Ms Collins claims that women do recognise that constitutional issues are important, but many realise that "we shouldn't ... just ... not talk about anything else". She feels that one problem with cultural identity in Northern Ireland is that it is used by many "not as a kind of general description of what they are but actually as an aggressive weapon against what somebody else is. So I think that is where incompatibility arises, when people go beyond saying 'this is what I feel I am because of these reasons to 'it is because I feel I am in opposition to what you are'. I don't feel really hostile to anybody."

Her thoughts on the Northern Ireland political situation are rather of frustration and depression and she sees the Women's Coalition as "actually a good encapsulation of what I think [is] the way a lot of women feel, that people have to talk, you have to get round the table, you have to put everything on the table and find a solution, as opposed to 'we are not talking because we think there is no solution', or 'we are not talking because we don't like the solution that we think you might have'."

As regards ethnic minorities in Northern Ireland, Patrick Yu of the Northern Ireland Council for Ethnic Minorities feels that the inadequacy of government support indicates the low priority attached to their needs. Thus, the Chinese community has had to depend upon its own resources to set up a Chinese-language school, and a similar process has had to be undertaken by Indian, Pakistani and other Muslim communities. Mr Yu also insists that there are more than the two main traditions in Northern Ireland. On top of the new Race Relations Order, he urges a coherent policy to remove institutional racism - for example, through providing interpreters at health and social service access points.

He identifies a need for the police to be more receptive to ethnic minority needs. At some RUC stations, he claims, there is an ambivalence about the language difficulties ethnic minorities encounter when reporting crime, while at other stations, such as Donegall Pass in Belfast, a conscious effort has been made to be accommodating. He would like to see an extension of this good practice, through the training of police officers, throughout Northern Ireland. And he calls for a "cultural programme" in schools, believing it to be "very important in life that any community should respect another community rather than ... emphasising one single perspective".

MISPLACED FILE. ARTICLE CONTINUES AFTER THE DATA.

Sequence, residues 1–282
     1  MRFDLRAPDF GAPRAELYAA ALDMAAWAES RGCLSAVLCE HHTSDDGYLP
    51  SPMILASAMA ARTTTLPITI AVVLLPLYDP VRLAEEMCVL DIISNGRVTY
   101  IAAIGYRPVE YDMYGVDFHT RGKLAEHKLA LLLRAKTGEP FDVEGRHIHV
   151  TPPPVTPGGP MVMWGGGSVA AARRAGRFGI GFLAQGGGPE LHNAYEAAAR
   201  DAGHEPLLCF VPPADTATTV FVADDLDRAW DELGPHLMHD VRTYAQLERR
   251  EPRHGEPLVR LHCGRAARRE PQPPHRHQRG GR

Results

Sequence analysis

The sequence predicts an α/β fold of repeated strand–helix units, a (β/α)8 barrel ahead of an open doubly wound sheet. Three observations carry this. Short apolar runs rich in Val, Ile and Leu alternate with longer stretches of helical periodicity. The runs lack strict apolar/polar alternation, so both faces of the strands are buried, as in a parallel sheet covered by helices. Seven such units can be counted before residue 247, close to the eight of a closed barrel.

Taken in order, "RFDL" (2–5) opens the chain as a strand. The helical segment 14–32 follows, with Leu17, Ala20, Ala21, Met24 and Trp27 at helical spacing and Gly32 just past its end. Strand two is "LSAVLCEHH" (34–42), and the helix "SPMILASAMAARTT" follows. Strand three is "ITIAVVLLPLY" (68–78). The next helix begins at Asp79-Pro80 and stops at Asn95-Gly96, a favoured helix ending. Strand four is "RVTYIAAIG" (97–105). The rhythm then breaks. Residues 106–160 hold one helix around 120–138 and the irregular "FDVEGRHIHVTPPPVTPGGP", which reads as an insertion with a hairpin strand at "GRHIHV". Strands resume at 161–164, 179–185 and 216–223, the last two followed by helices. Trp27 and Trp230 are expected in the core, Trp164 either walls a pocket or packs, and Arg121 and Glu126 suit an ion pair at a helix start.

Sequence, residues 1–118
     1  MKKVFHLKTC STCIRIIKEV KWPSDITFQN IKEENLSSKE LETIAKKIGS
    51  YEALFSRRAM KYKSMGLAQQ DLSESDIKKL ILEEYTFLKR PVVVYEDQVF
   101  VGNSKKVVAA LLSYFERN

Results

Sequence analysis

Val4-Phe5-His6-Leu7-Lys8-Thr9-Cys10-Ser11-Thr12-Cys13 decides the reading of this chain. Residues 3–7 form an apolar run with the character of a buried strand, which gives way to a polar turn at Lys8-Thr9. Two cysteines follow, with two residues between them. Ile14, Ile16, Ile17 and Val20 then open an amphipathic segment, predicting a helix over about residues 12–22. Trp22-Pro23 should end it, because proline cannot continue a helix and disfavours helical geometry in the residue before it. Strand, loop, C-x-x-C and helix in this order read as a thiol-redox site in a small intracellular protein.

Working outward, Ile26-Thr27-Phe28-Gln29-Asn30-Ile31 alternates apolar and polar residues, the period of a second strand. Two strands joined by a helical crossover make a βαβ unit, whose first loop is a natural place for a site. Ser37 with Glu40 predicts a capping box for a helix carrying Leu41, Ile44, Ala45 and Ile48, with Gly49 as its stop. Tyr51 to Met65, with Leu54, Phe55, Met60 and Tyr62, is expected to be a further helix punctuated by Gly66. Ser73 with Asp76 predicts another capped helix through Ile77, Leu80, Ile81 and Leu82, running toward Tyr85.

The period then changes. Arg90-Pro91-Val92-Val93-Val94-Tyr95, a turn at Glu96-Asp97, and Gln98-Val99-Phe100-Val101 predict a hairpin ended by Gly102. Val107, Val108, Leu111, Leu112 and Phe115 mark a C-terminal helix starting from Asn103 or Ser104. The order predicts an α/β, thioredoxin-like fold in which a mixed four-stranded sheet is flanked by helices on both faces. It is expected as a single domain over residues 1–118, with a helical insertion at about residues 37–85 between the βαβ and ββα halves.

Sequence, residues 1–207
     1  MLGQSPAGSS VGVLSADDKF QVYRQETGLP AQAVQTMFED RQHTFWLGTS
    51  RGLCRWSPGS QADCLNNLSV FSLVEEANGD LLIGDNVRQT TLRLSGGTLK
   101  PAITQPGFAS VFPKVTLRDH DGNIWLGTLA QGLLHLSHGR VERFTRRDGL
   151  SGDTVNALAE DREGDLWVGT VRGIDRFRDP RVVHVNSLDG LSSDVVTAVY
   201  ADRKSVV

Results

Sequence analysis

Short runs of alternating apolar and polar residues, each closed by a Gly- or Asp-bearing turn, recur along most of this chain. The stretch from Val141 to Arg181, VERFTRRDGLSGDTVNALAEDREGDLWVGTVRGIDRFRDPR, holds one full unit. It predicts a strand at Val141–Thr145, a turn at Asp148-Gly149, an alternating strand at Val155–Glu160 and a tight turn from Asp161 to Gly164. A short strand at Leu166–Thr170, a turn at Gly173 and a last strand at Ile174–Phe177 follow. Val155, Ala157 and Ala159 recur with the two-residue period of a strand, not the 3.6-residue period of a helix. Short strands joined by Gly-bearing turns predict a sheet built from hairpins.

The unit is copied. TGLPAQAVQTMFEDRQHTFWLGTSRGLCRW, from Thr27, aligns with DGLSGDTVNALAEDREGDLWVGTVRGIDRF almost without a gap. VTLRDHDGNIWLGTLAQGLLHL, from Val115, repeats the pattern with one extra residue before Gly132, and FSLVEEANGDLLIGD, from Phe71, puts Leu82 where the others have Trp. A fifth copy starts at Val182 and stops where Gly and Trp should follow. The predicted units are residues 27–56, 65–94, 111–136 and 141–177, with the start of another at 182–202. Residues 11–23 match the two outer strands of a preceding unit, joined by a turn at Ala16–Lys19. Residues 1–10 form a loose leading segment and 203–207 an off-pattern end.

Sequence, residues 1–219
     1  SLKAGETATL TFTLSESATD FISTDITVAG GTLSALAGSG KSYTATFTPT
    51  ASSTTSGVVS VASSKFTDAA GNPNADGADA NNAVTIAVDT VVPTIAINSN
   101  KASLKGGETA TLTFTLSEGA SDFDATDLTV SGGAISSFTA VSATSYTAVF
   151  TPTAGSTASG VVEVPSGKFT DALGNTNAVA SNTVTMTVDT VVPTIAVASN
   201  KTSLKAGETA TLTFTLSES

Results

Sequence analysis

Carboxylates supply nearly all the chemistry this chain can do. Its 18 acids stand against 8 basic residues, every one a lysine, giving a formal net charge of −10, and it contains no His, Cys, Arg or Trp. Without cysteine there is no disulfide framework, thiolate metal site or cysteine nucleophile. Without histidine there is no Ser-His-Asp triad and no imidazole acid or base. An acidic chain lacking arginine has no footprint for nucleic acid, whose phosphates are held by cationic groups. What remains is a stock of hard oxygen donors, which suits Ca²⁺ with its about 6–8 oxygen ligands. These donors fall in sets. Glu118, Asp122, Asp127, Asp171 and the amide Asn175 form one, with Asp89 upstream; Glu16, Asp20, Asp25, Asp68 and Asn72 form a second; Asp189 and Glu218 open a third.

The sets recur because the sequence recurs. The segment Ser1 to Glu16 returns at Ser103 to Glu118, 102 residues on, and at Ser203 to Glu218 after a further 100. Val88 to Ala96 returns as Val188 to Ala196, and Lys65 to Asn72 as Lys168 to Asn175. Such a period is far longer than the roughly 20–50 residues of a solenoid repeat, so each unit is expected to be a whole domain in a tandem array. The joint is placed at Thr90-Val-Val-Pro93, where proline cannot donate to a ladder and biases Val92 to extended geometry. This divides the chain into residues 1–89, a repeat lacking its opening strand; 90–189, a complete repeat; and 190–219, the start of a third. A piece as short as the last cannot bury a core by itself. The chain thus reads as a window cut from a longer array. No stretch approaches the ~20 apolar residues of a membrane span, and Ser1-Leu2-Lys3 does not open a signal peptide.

Speaking on behalf of the travelling community, Michael Noonan summarises the reaction of the state as one of "straightforward repression". He cites the Miscellaneous Provisions Order (NI) 1985, in effect a law which can allow the imposition of a quota of travellers to a particular area if a local authority can satisfy the D[epartment] o[f] E[nvironment] that 'adequate' ... provision has been made for travellers who normally reside in, or resort to, a particular district. So once an area is desiguated ... whole areas can be declared off limits to travellers not camped on these official sites." Mr Noonan argues that this is in contravention of the UN Charter and the Universal Declaration of Human Rights, prescribing that everyone has the right to freedom of movement and residence within the borders of each state.

Travellers, he contends, have not enjoyed parity of esteem in terms of equality of access to services. Historically, the education authorities "really didn't give a damn whether travellers went to school or not. Certainly there was no effort to examine how the delivery of education might be tailored to the needs of a nomadic group or indeed how their culture and so on might be reflected within the school curriculum." Mr Noonan calls for all children to be educated, via the curriculum, about the various cultures of Northern Ireland, including the culture of travellers.

The key theme to emerge from the focus groups was, again, the close correlation with the interviewees' responses. For example, while there were similarities in the outlook of women and their experiences, expressed in the Catholic and Protestant women's focus groups, this comity ended with introduction of the subject of defining parity of esteem and its relationship to the community from which the women hailed. From this point onwards, the core myths about Britishness and Irishness expressed in the other focus groups reentered the debate.

When the debate was restricted to women and gender identity, participants in the women's groups argued that there was no 'parity of esteem' for them. And they could extend this to a lack of esteem, defined as respect and tolerance, enjoyed by other social groups, such as ethnic minorities, homosexuals or the disabled. It was suggested that parity of esteem meant that men and women should have the same degree of authority and respect in society generally. It was felt, by both Catholic and Protestant women, that there was a stereotypical role into which women were placed, where they were expected to remain at home engaged in domestic housework and take primary responsibility for raising children.

Many felt that barriers were placed in the way of women achieving parity with men, such as lack of childcare preventing women utilising job or educational opportunities. It was felt that greater involvement in politics - in which the Women's Coalition appeared to offer some encouragement and a good role model - required political parties to take greater account of women's issues and perspectives.